CARGA AEREO TRANSPORTADA, S. A.: Bolivia (19831991). CAT is set up at La Paz Airport in 1983 to offer nonscheduled allcargo flights around the country. Flights commence and continue with a Convair CV-440. During the next eight years, at least four Convairs are employed, one after the next.

CARGA DEL CARIBE, S. A. de C. V.: Espino 352, Col Santa Maria La Rivera, Mexico City, Mexico; Phone 52 (5) 547-3308; Fax 52 (5) 547-6648; Year Founded 1994. CDC is established at Mexico City in 1994 to offer all-cargo charter and contract service flights to Mexican and regional destinations in Central America and the Caribbean. Operations commence and continue with a single Douglas DC-6 freighter.

CARGO D’OR, LTD.: Ghana (1989-1997). Cargo d’Or, Ltd. is set up at Accra in 1989 to offer regularly scheduled weekly all-cargo roundtrip services to London. Revenue flights commence with a single Douglas DC-8F. The following year, the company is taken over by London-based MK Air Cargo, Ltd., which will provide it with chartered aircraft and operate it as a subsidiary for seven years.

CARGO LION, S. A.: Lion Aviation Building, Findel Airport, Luxembourg, Luxembourg 1110, Luxembourg; Phone 32 (59) 513 984; Fax 32 (59) 513 985; Http://www. cargolion. com; Code TLX; Year Founded 1991. During the summer of 1991, Bertram Pohl, Konrad Homberger, and Thomas Hamilton decide to form an all-cargo airline in Switzerland. As the name Swisscargo is not available, the new entrant is named Cargo Lion, A. G. in honor of the pioneering American line named for a big cat, The Flying Tiger Line. Start-up is postponed due to a combination of the economic downturn caused by the Gulf War and the inability of the partners to obtain a suitable fleet.

With Homberger remaining behind, Pohl and Hamilton decide to look elsewhere, and, early in 1992, join with Roger Tolley and Richard R. Le Lion to establish Lion Aviation Holdings, Ltd. at St. Peter Port, Guernsey, in March, with Cargo Lion, Ltd. as the principal subsidiary. Founder Pohl is named president with Le Lion as commercial director. Although the head office is established at St. Peter Port, Guernsey, operations are centered at Ostend Airport.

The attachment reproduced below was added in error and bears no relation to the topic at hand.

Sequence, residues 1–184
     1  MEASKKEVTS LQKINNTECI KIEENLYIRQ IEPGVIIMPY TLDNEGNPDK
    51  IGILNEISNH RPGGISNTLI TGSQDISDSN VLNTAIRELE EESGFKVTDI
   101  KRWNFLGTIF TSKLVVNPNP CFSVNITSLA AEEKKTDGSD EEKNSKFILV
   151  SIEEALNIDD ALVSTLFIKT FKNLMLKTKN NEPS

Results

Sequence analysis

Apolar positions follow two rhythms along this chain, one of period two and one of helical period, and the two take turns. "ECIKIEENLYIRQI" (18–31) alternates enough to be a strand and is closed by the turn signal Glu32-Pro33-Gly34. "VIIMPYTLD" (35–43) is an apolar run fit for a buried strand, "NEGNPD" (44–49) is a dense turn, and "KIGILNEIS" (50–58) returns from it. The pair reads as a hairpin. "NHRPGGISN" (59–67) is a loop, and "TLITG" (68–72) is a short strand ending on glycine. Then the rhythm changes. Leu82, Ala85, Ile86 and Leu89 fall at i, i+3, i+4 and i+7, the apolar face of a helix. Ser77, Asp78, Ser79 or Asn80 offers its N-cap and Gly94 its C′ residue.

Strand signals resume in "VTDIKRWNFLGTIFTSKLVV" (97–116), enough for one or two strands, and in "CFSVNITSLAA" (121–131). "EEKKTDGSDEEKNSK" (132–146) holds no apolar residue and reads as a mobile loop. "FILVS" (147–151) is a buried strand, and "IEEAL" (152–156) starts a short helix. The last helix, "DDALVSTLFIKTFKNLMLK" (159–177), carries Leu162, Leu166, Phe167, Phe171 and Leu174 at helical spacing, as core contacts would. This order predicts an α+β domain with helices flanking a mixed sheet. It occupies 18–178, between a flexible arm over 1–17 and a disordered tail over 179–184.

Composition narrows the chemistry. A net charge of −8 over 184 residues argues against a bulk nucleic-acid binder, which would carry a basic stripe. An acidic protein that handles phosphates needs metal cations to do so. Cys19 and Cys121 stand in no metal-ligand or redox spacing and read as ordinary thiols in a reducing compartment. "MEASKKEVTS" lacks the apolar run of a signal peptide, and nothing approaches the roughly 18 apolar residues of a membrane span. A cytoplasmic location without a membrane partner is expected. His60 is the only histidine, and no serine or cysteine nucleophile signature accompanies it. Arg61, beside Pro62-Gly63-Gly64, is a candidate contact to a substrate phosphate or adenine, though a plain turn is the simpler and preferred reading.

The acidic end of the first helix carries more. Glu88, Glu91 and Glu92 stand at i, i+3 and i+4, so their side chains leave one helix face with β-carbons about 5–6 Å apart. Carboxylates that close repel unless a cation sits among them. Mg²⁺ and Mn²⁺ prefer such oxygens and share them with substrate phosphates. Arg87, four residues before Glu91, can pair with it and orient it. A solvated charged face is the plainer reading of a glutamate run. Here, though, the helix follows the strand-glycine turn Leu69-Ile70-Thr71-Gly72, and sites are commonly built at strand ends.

A workforce of 13 is recruited and 1 Douglas DC-8-62F is leased from AOM French Airlines, S. A. to be flown from the Belgian base. The inaugural revenue flight is made on August 1; a shipment of machinery, medicine, and general cargo is flown to Ghana and the narrow-body returns with 40 tons of pineapples.

African markets fill the company’s itinerary for the remainder of the year and over the next two. In 1993-1994, the company begins to consolidate and slowly moves away from the ad hoc charter market to the operation of long - and medium-term contracts. Clintele comes to consist of major airlines such as Air France, Deutsche Lufthansa, A. G., and Sabena Belgian World Airlines, S. A. and air freight consolidators and brokers such as ACS, Chapman Freeborn, East African Flowers, and Raeford. Many charters are also accept from relief organizations such as the International Red Cross and the UN

During the spring of 1994, the company enters into negotiations to purchase the Irish all-cargo airline Aer Turas, Ltd.; however, that company is eventually acquired by Aer Lingus Irish Airlines, Ltd. Another unsuccessful effort is simultaneously made to begin a passenger charter operation with Toronto-based Advance Air Charter, Ltd.; however, the Canadian company goes out of business.

In the fall, the paper airline Translux International Airlines, S. A., formed by Airmec Aviation Services, is taken over and its license application is completed in Luxembourg under the Cargo Lion name.

A second DC-8-62F is acquired in March 1995 as the company transfers its base and licensure to Luxembourg. As the only independent European all-cargo airline entirely equipped with hush-kitted aircraft, Cargo Lion finds itself in heavy demand for the operation of replacement services for major carriers into airports where noise control measures are in place. Indeed, the new plane’s first flight is operated on April 7 on behalf of Deutsche Lufthansa, A. G. In September, both aircraft are in Ostend for routine overhauls.